Monday 9 November 2015

Laying on of hands

Well, I'm stuffed . . . full of canapes and dinky little eclairs. The first Thursday and Friday of November The Institute is given over to celebrating the fruits of its labour.  Classes are cancelled, so that there is room for our most recent crop of graduates to stride [lads] or teeter [lassies in heels] across the stage shake hands with our President and accept their parchment from her.  I bore witness last year from among the mill of doting parents rather than up on the stage with my colleagues kitted out in medieval costume. This year I was down among the masses again because I can't bring myself to shrug into a gown.  The Institute is sufficiently anxious to put on the razz with traditional ceremonial that they will hire an appropriate academic gown for any of the Academic Staff who ask for this service.  The students can also rent gowns. They get the use of it for the ceremony, including their 15 seconds of being centre stage, and for 90 minutes afterwards for photo-opportunity. For this they cough up €30 (or €27 if they pre-book on the web). Free-to-faculty vs €30-to students is the kind of inequity that winds me up.

As we were graduating in excess of 2000 students, that is a nice little earner for the company that has exclusive rights to on-campus hire. Nobody would have the patience to sit through 2000*15 seconds = 8 hours of watching other people's kids shake hands with the President, so the students go through in batches by School or Faculty about 250 each time. Everyone heaves a little sigh when a student is getting the degree in absentia and 15 seconds is saved.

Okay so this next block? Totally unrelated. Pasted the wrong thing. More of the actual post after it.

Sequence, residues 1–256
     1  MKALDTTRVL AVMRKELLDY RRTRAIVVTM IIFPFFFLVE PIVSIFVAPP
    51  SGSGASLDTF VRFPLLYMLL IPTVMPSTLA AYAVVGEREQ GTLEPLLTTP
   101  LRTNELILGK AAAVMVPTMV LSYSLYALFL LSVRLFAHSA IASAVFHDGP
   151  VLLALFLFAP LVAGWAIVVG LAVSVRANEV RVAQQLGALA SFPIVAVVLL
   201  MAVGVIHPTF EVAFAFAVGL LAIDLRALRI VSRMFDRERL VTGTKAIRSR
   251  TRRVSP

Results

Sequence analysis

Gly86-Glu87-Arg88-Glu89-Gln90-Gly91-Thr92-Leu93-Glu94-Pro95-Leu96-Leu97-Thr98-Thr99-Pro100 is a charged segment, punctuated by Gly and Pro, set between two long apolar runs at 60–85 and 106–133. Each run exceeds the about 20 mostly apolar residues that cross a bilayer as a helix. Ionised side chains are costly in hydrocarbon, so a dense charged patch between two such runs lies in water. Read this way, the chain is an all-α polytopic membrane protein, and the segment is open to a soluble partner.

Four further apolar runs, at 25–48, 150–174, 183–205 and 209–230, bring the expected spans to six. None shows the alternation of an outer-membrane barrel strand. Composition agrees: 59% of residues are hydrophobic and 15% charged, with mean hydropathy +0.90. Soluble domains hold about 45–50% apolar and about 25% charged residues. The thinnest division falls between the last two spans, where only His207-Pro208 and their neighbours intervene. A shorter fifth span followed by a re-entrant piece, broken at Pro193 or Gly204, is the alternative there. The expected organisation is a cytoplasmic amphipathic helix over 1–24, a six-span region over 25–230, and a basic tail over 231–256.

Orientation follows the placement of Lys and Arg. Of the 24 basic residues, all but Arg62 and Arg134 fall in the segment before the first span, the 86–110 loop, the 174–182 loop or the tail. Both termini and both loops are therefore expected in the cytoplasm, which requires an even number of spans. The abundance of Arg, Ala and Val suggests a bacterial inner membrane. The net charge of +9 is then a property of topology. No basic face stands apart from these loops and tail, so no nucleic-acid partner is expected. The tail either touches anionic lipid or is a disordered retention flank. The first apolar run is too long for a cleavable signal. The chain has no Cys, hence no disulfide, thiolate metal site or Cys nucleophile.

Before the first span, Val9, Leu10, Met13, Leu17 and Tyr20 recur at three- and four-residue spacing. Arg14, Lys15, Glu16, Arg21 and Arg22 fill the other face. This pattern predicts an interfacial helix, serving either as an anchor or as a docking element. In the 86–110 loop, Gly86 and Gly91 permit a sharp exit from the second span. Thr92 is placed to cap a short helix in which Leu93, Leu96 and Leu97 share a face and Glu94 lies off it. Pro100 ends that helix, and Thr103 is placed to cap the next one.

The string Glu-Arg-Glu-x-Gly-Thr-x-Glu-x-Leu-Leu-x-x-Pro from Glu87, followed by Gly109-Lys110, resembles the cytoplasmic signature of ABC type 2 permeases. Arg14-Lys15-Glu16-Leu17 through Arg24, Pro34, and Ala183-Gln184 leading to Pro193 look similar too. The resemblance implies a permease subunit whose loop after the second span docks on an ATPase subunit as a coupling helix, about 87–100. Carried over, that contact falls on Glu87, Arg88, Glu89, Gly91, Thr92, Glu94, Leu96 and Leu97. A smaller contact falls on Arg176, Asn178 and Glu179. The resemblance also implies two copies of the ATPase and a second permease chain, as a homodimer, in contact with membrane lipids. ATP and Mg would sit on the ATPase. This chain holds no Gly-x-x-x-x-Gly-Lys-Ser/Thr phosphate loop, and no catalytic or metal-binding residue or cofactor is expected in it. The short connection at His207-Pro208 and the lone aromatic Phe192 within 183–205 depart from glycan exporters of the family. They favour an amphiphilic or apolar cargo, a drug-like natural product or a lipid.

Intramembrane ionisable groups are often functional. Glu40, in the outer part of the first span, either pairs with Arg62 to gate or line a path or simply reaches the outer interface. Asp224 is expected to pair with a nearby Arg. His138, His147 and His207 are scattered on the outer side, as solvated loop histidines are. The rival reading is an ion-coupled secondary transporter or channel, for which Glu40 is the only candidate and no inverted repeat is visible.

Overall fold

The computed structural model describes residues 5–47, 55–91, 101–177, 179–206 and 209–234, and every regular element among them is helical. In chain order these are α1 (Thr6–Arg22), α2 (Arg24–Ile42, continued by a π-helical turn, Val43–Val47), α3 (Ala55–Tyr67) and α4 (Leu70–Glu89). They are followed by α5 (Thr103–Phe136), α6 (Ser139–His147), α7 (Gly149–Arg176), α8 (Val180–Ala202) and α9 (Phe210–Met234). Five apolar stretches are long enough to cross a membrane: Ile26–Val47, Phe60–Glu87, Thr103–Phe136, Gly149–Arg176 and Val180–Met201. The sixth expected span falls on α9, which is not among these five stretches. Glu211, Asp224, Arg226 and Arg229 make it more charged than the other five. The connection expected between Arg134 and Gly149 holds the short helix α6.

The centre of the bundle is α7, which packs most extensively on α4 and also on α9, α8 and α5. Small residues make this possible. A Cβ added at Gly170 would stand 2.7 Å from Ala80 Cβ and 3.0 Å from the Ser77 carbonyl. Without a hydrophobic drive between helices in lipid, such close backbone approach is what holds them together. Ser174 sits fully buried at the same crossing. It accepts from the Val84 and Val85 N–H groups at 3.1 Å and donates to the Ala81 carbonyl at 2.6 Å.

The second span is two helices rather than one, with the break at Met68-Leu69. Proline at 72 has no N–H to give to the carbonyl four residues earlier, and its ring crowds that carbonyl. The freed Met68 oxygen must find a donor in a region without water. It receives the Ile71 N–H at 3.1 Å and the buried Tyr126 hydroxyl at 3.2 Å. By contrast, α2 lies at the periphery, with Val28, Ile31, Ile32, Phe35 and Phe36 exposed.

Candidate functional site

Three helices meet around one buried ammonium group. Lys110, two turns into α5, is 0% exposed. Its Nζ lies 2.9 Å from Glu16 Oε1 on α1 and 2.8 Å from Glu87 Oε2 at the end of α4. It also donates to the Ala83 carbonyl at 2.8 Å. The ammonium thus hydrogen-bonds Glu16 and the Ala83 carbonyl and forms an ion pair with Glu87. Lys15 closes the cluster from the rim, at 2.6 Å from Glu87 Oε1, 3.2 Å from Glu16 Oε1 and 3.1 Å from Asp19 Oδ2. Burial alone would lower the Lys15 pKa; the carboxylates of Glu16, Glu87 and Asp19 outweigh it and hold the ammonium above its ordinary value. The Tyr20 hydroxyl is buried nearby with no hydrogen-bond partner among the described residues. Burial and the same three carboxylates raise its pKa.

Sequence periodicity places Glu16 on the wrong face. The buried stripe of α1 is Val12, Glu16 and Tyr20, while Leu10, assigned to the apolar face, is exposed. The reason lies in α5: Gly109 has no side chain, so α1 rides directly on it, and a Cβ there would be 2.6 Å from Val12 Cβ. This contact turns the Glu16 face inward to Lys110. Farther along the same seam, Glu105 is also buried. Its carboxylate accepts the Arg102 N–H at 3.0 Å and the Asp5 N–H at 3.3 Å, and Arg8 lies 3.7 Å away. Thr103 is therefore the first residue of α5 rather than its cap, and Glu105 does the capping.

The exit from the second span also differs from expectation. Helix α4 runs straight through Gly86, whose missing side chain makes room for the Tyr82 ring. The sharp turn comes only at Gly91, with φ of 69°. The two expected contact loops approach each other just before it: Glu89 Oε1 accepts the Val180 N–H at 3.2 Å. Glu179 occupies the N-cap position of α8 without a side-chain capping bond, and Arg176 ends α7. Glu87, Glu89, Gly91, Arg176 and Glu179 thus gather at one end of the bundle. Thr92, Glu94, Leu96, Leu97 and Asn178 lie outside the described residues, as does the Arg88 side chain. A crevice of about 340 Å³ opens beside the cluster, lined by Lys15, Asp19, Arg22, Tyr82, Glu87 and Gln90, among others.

Two weeks ago, one of my students in 3rd Yr Microbiology confessed to being a tad OCD about washing her hands and we agreed to differ on whether this was a good thing to do unless you're a surgeon, visiting your sick granny in hospital or between pitching manure and eating sandwiches.  In the middle of the conferring, this thought erupted unbidden: our Esteemed President was passing a snowball of 'germs' on to each succeeding graduate, so that the last chaps to go through the process would really need to wash their hands before attacking the canapes. Did I mention canapes? Free food? There were plenty! But I didn't get to eat many because I was glad-handing any students I recognised, meeting the parents and sisters and getting selfied. It was just as well because we had a big faculty meeting in the afternoon after our chaps got conferred.  If I'd eaten my fill of little sausages and spring-rolls I'd have surely fallen asleep during the deliberations.
Like last year, while waiting through the conferring ceremony and the speeches, I tallied up the provenance of this year's graduate. I've now got a sample of +500 people and their county of origin. I've massaged the data so that the total population of each county is accounted for: nobody expects students to come from Leitrim because nobody lives there . . . and it's inconveniently remote.  But we are 90km from Dublin along an artery of bus and rail transport routes: 2 million people live in Dublin [D on the left] - surely we could persuade more than 10 each year to come and get educated with us?  The other conspicuous-by-absence cases of Louth LH, Cavan CN and Limerick LK are a) smaller in population and b) have no direct access by public transport. I bet they don't get free canapes in Dublin Institute of Technology.

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